Design of a Testing Cell for Cement Sheath Integrity
Research output: Research › Master's Thesis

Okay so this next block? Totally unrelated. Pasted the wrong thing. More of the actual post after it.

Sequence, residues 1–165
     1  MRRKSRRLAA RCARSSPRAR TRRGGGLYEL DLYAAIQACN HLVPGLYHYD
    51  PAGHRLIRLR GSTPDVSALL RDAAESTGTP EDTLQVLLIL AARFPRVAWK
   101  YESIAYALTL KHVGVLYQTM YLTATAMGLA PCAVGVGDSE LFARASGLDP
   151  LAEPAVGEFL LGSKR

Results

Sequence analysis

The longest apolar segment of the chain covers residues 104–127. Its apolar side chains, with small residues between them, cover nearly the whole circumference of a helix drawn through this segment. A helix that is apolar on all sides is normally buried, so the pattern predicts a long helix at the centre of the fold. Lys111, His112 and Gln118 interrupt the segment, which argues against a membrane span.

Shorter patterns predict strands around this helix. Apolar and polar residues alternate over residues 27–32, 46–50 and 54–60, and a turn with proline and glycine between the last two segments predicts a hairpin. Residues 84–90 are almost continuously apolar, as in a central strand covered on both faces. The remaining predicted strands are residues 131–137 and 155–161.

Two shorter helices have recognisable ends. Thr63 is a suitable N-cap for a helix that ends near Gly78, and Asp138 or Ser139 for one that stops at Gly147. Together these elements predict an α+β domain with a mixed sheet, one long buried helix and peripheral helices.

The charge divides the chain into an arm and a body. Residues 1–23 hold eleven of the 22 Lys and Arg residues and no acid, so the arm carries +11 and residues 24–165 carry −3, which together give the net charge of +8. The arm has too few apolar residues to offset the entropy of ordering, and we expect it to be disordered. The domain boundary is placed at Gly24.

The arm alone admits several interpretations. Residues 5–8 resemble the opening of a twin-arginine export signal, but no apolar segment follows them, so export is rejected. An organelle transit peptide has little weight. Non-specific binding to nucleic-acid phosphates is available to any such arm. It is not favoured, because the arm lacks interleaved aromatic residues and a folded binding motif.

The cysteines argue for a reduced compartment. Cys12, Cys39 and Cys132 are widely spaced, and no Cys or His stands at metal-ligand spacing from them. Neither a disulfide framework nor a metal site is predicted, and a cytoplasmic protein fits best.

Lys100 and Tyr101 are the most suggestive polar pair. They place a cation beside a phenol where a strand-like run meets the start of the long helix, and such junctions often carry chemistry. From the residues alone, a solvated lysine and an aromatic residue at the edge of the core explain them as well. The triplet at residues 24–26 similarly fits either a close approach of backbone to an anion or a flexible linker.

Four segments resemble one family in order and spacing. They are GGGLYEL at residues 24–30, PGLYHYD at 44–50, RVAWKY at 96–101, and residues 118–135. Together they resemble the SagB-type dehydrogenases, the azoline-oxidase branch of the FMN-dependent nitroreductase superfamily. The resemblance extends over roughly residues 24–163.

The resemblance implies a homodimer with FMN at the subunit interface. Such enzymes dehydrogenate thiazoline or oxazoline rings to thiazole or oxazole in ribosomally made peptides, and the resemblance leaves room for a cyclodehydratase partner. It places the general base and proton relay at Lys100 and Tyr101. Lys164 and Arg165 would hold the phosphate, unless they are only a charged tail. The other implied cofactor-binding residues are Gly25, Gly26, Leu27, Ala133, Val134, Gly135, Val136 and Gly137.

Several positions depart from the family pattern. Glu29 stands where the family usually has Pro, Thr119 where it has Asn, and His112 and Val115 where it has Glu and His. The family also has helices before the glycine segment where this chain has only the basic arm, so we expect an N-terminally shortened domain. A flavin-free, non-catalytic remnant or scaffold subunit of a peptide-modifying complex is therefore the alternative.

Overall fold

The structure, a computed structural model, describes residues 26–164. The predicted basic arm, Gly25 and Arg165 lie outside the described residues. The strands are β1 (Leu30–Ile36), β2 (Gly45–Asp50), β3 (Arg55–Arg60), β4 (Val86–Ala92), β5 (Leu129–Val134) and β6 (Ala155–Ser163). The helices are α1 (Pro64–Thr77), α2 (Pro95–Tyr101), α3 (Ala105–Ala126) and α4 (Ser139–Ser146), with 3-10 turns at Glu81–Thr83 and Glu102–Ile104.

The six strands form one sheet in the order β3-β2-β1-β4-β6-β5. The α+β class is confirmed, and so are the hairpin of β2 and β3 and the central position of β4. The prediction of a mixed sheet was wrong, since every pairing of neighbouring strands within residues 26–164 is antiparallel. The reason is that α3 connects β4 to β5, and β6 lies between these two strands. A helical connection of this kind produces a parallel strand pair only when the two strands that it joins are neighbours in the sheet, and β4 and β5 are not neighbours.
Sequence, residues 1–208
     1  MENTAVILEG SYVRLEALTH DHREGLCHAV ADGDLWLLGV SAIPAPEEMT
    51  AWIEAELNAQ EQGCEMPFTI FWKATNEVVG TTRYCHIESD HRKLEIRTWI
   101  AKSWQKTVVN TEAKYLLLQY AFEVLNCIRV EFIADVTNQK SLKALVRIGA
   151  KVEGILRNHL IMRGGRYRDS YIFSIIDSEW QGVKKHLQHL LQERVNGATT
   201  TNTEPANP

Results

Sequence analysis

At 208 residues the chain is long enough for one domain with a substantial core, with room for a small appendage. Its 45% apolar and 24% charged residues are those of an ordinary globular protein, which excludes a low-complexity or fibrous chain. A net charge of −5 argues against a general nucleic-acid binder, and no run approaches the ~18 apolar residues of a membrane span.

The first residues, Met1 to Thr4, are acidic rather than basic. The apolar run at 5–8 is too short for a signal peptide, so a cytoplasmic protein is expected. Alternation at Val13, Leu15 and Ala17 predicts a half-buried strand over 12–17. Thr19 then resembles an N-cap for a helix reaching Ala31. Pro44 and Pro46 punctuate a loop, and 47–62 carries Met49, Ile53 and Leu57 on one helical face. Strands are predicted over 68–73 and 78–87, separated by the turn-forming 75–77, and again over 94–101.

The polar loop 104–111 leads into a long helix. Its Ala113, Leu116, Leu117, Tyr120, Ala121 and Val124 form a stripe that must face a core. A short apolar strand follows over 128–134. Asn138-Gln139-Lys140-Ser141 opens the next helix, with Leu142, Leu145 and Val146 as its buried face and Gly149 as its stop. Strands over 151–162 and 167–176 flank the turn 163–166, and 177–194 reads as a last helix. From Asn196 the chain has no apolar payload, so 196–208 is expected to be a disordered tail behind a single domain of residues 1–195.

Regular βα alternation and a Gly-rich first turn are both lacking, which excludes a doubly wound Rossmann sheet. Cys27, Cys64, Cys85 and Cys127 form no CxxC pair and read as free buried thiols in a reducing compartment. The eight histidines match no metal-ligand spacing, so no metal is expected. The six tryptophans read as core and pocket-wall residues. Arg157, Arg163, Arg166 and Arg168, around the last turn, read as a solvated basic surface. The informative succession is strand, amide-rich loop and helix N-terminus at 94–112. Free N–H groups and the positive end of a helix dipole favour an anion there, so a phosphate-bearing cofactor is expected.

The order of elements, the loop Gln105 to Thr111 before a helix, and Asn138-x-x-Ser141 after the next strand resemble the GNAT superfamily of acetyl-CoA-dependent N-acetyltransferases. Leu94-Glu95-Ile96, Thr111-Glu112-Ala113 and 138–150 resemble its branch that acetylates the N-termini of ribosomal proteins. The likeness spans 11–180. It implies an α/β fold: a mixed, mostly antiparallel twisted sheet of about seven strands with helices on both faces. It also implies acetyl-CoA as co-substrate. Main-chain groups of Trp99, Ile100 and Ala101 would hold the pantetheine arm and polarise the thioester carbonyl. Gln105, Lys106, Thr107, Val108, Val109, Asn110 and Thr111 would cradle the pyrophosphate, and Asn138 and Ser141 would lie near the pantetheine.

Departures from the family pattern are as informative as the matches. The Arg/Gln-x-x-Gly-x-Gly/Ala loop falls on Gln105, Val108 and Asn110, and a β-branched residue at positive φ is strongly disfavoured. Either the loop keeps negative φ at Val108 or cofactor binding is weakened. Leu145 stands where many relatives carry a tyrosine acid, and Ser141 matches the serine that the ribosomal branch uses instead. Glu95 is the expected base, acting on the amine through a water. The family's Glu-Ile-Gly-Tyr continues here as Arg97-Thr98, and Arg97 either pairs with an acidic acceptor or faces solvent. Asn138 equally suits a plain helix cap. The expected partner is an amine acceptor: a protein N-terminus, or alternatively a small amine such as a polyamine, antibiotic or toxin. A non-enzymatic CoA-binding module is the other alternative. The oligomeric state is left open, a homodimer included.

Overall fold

In order to produce hydrocarbons in an economic and environmentally friendly way, zonal isolation of the wellbore is very important. The isolation of wellbore fluids from the surrounding formation is achieved through effective cement placement. Cement is a brittle material which can fail when subjected to repeated application of stresses lesser in magnitude than the statically determined strength. In the field of mechanics of materials, repeated application of stress is referred to as fatigue loading. Well events such as workover, well testing or hydraulic fracturing apply fatigue loads to the wellbore system. To ensure safe and reliable production it is important to understand the impact of fatigue on the cement sheath. First, this thesis investigates bonding mechanism between casing and cement. Second, it covers factors that influence the durability of the bond. Factors caused either through the composition of the cement, the cementing process or environmental induced changes over time. Furthermore, it also covers cement integrity issues from cement shrinkage, gas migration and well development. The cement failure at the interfacial transition zone is described in detail and an additional section describes the effect of fatigue on cement mechanical properties. Finally, this thesis designs a test cell for fatigue testing of the cement-steel bond and also lists considerations during that process. The set-up includes casing and cement, allowing the whole system to be tested in one assembly at laboratory scale. The testing specimens are composed of a steel pipe cemented and a cover or cell outside. A weight comparison of all test cell components is made for steel and aluminum. Relevant measurements after curing are addressed and a complete testing procedure is included which covers test build-up, actual testing, dismounting and clean-up.